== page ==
The final project for the Spring 2021 term – Product Families – can be found here:
The first assignment of the Spring 2021 semester – 2D Patterning – can be found here:
The class syllabus for the Spring 2021 term can be found here:
Check back often as the syllabus will likely shift a bit over the course of the semester.
The final project for the Fall 2020 term – Product Families – can be found online here:
The first project assignment for the Fall 2020 term – 2D Patterning – can be found below:
The syllabus for the Fall 2020 term can be found here:
The google doc will be updated as the semester unfolds – please check back frequently for the latest!
The second project for the Fall 2019 semester – Free Standing, Form Found, Laser Cut – is here:
Free Standing, Form Found, Laser Cut is an in-depth investigation into full scale digital fabrication and parametric prototyping, and will force students to embrace an iterative approach using generative design techniques and workflows. Over the course of the project, students will master working with complex geometric data structures in Grasshopper, will become comfortable translating design models into digitally fabricated output, and will attempt to realize an ambitious project in a short time frame using experimental tools and workflows.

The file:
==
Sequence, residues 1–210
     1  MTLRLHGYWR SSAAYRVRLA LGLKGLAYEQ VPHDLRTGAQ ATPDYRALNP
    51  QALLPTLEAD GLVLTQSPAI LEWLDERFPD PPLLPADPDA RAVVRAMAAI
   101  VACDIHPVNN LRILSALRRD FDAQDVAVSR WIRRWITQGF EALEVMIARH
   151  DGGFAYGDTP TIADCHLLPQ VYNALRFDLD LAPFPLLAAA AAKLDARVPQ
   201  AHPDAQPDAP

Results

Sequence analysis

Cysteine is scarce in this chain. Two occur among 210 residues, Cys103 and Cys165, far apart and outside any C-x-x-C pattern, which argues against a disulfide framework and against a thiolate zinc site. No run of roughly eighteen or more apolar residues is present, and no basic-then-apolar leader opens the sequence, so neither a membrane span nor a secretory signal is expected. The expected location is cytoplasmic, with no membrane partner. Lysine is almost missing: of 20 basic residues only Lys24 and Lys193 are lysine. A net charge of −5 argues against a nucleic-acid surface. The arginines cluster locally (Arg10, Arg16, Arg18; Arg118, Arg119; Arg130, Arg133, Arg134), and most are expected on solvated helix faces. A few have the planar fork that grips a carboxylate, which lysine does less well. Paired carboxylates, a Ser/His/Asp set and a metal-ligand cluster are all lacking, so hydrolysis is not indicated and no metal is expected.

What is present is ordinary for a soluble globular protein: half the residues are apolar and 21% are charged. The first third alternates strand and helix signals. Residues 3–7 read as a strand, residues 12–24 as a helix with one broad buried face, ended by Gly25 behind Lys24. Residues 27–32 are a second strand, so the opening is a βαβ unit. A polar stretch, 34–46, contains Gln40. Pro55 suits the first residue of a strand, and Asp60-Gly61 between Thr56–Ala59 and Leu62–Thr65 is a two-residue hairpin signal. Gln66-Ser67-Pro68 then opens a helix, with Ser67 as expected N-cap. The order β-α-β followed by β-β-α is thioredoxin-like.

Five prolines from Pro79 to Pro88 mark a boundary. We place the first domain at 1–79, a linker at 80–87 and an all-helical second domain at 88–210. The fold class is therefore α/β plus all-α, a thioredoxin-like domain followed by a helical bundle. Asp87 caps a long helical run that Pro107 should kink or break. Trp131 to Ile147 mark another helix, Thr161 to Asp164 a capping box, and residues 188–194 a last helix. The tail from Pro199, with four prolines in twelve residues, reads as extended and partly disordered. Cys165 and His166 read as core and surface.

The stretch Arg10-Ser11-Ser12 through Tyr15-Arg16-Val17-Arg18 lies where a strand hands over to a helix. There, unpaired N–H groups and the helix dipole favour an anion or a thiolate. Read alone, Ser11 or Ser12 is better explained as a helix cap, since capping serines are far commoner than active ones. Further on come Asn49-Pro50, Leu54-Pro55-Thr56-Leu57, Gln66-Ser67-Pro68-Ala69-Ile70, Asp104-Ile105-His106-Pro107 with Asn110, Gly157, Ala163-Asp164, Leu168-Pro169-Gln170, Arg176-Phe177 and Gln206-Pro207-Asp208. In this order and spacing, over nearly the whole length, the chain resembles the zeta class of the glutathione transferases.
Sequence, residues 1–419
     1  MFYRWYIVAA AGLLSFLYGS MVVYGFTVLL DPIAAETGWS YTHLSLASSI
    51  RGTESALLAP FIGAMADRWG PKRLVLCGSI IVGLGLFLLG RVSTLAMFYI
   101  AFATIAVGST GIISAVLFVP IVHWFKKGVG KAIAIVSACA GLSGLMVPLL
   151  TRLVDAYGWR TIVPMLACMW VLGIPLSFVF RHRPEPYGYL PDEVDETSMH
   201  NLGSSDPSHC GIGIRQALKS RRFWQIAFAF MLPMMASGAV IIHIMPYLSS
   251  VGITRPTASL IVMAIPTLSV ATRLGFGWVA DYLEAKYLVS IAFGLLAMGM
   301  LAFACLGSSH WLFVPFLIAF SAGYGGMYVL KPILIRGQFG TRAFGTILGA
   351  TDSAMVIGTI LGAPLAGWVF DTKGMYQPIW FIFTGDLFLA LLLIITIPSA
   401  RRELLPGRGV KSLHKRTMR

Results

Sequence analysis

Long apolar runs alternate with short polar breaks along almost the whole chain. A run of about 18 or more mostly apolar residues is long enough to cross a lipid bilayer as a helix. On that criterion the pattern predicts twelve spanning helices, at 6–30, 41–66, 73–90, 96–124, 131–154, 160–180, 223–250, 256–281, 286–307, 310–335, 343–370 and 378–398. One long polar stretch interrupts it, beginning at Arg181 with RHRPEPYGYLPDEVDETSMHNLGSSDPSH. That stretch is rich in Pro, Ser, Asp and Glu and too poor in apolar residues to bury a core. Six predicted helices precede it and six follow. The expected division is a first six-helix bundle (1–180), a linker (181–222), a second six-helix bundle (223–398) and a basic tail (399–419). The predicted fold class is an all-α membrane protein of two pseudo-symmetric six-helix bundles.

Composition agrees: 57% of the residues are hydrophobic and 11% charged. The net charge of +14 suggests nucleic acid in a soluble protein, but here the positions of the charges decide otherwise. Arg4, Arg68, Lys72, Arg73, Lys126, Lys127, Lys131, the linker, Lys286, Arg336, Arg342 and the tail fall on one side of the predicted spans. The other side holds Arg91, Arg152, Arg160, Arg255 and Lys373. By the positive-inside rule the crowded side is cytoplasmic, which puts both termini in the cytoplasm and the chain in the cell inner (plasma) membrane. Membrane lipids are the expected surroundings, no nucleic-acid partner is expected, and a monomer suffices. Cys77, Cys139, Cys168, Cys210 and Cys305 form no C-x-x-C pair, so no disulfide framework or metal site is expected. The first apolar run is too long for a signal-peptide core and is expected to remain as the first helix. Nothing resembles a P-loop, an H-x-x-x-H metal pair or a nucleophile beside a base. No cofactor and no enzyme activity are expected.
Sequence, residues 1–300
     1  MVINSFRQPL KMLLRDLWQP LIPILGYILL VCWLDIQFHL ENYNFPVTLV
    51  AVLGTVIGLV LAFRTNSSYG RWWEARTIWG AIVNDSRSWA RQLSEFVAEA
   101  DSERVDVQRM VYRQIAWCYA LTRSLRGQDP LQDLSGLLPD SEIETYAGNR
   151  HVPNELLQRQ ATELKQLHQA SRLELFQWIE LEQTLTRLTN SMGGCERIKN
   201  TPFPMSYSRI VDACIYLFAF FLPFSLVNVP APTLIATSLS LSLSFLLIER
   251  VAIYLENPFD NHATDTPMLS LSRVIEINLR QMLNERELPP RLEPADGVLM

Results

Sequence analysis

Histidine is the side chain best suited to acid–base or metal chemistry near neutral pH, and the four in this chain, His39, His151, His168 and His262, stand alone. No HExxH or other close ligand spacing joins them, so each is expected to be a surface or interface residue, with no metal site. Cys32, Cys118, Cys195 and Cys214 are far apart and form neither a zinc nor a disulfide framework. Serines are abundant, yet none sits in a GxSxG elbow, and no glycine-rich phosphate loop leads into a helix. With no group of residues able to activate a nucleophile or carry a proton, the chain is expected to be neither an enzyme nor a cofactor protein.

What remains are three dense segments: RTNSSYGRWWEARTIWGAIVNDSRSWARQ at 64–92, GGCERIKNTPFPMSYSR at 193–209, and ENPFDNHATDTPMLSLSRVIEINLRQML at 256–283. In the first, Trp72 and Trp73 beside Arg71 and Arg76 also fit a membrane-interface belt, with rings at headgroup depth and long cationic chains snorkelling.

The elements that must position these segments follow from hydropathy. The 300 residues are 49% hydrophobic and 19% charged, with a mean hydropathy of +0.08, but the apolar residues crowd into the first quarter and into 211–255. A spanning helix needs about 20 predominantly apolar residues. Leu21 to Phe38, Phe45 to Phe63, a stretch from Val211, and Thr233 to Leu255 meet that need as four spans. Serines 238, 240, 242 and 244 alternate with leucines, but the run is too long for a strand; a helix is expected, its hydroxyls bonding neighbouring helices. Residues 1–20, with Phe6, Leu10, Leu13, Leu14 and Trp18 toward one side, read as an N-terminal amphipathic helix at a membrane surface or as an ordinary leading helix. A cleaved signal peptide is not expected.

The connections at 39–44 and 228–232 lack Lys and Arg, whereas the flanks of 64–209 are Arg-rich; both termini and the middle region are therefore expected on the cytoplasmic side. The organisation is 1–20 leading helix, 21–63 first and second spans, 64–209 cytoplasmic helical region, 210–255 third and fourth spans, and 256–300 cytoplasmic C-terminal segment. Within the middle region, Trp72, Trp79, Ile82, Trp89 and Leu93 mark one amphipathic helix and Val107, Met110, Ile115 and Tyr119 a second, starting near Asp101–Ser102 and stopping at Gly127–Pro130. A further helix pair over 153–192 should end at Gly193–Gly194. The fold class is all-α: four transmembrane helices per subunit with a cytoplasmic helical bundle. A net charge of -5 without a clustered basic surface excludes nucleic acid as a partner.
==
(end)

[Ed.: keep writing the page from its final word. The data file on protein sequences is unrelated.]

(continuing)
The first project for the Fall 2019 semester – 2D Patterning – is here:
2D Patterning is a fast-paced introduction to parametric modeling in Grasshopper. Students will learn how to build interactive, algorithmic drawings. By limiting the design problem to the two dimensional plane and focusing on purely graphical content, students are allowed to develop basic computational modeling and generative design techniques in the abstract.
The class syllabus for the Fall 2019 semester of Parametrics can be found online here:
The final project for the Spring 2019 term – Privacy Screens for Kids – is available now. Hit the link between the paragraphs below. The assignment asks students to design a family of laser cut privacy screens for preschoolers, and to build 3 individuals at 1:4 scale.
Previously we’ve always built at full scale in the laser cutting projects. Or at least we’ve tried too, with a hit-or-miss sort of success record. I’m hopeful that the 1:4 scale will take some of the financial sting out of the projects, minimize catastrophic structural failures, and will force students to truly design in the plural form; you all must build three screens that work, not one screen that works.